A vineyard is like a theater, with soil as the stage, climate the lighting, and terrain the set. Think of grapes as the actors. Bringing it all together is the director, or the human factor. In winemaking that’s called tradition.
Harvest is a fitting time to delve into the fourth dimension of terroir – the local and cultural winemaking tradition that distinguishes New World from Old, California from Oregon, one winery from another. Every winemaker and every vintner, or grape grower, has his or her own style, informed by individual training, experience, location and preference.
While it seems obvious that people play a role in the making of good wine, there is disagreement over whether or not humans belong among the characteristics that define terroir. On this point, however, we side with scholars who place the role of humankind squarely in the mix. To quote Burgundian wine expert Jacky Rigaux, “There can be no great wine without the total commitment of the winegrower.”
Note the use of the term “winegrower.” According to a fascinating dissertation titled “Terroir – The Footprint of Great Wines” by South African Gerda Mouton, there is no word for “winemaker” in French (nor in Spanish, Italian or German). The word the French use is “vigneron,” meaning vine grower. Mouton says this illustrates the deeply ingrained European, or Old World, belief that wine is made by nature (that is, the natural factors of terroir), not by man or woman.
For every argument that terroir is fixed – something over which the winegrower has little influence – there is a counter-argument making the case for people. “Nature provides the raw material, but only people know how to turn it into something exceptional,” says Jacques Fanet in his book, “Great Wine Terroirs.” Kirk Wille wrote, “Great terroirs will always assert themselves, but it is the human factor that will change the manner of expression.” After all, it is a person who makes planting decisions, tends the vineyard and makes the wine, matching a vineyard’s special and unique terroir to the right grape to achieve the desired results.
Through the ages, people have determined what happens in the vineyard. Today’s viticultural practices play an even more predominant role – one of the key distinctions between New World and Old World winegrowing.
Again quoting Mouton: “Before a vineyard can even be planted it needs to be planned by the winegrower, and thus many decisions and actions are taken by the winegrower that have an influence on terroir, which subsequently reflects in the taste of the wine. The key method of expressing terroir is through the work done in the vineyards by the winegrower. It is the winegrower who understands the limitations and characteristics of his area/s; it is he who successfully marries his terroir with variety to achieve terroir diversity, which is so sought after in the New World. Thus the interpretation by the winegrower of his vineyard site is crucial and will influence the style of the wine.”
At King Estate, our 26-year tradition is influenced by factors including location, commitment to sustainability, individual choices and preferences, and even government regulations.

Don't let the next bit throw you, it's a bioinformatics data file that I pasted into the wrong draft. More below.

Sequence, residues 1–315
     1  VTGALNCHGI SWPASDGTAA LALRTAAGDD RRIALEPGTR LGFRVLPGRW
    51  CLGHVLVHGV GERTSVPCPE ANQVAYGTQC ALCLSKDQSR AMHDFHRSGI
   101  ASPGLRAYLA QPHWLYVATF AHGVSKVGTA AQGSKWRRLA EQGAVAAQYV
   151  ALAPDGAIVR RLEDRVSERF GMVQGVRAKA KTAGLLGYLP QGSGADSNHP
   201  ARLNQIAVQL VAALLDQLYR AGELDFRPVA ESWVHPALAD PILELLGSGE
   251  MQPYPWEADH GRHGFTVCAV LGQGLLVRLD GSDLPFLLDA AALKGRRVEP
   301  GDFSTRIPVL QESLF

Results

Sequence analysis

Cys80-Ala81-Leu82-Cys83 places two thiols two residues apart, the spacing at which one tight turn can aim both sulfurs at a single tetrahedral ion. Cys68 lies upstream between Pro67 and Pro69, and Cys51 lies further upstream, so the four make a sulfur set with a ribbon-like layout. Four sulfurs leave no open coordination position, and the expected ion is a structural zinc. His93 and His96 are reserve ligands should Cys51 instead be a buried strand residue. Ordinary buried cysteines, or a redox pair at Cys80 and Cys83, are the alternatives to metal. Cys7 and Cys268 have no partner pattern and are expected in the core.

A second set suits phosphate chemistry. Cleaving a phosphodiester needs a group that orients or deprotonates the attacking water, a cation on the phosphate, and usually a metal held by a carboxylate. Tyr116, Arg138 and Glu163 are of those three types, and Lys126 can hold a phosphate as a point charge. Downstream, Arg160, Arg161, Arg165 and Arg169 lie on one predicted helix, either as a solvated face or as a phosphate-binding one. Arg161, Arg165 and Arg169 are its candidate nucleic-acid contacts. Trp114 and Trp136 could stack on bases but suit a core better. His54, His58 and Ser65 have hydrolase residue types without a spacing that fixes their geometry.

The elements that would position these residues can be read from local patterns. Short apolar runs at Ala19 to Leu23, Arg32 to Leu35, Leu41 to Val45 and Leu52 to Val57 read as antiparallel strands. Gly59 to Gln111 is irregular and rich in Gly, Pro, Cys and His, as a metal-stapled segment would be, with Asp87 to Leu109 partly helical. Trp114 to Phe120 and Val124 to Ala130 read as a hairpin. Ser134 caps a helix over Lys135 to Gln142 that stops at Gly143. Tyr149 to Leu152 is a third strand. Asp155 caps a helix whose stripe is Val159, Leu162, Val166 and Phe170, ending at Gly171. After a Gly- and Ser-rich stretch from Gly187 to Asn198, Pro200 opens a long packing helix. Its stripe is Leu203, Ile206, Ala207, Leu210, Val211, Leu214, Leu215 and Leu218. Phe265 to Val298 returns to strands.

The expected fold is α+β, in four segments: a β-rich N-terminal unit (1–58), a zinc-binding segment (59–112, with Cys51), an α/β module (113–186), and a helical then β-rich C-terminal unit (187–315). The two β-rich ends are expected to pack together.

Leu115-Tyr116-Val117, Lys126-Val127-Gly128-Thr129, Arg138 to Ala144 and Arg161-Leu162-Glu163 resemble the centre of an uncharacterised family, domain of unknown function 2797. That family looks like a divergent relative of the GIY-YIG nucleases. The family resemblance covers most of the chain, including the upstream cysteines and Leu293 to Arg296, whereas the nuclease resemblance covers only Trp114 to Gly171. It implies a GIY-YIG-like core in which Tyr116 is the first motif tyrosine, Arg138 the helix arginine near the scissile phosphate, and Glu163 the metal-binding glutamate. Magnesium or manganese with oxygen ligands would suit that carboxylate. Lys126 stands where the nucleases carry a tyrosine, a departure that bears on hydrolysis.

Location. Oregon is a great place to showcase terroir, says Head Winemaker Brent Stone. Variation among sites is high, as reflected in vineyards that produce big rich Pinot Noirs and those like King Estate where our Pinot Noir is lighter and elegant in classic Burgundian style. Other regions have diverse climates, too, but the delicate and susceptible Pinot Noir grape shows the differences more than other grapes.
Sustainability. King Estate’s organic certification traces back to 2002, and it became Biodynamic® in 2016. “Biodynamics is a big influence,” says Raymond Nuclo, Director of Viticulture and Winery Operations. “By limiting the need for inputs from off site, Biodynamics enhances the expression of place in a way that no other form of farming can.”
Biodynamic certification means the farm or vineyard is a wholly self-contained, sustainable ecosystem that exceeds organic standards. “It really frames what we do, and sets the standard for a ‘hands-off’ approach,” Brent adds. “The vineyard and vintage need to express itself. That’s a factor more than any technique.”
Oregon is a natural fit for adopting Biodynamic practices. The wine industry here is relatively young and came of age along with the environmental movement. “From the get-go the emphasis was on organic and sustainability,” Ray notes. According to the Oregon Wine Board, there are more certified Biodynamic vineyards in the Willamette Valley alone than in any wine-growing region in the country.
Preferences. The matching of site to the wine grower’s vision is at the heart of tradition. “Our viticulture is planned for premium and ultra-premium wine,” Ray says, adding that most people growing premium grapes use similar practices. The more experience a grower has with a site the more precisely he or she can micro-manage it. As former Decanter Man of the Year Paul Draper said, “Terrior is discovered, developed and guided into wine by man.”
Regulations. “France is bound by strict regulations on what they can plant where, as well as what type of viticultural practices that can be used,” Ray says. “We aren’t, which means there’s more innovation here.” With wide latitude to experiment, we can try different grapes at various locations in Oregon and even within our estate, sometimes with surprising results. After all, there was a time when people thought Oregon couldn’t grow good wine grapes! Our reputation for innovation was highlighted this year when King Estate Co-Founder and CEO Ed King was the only Oregon wine grower nominated for the Innovator of the Year award by Wine Enthusiast magazine.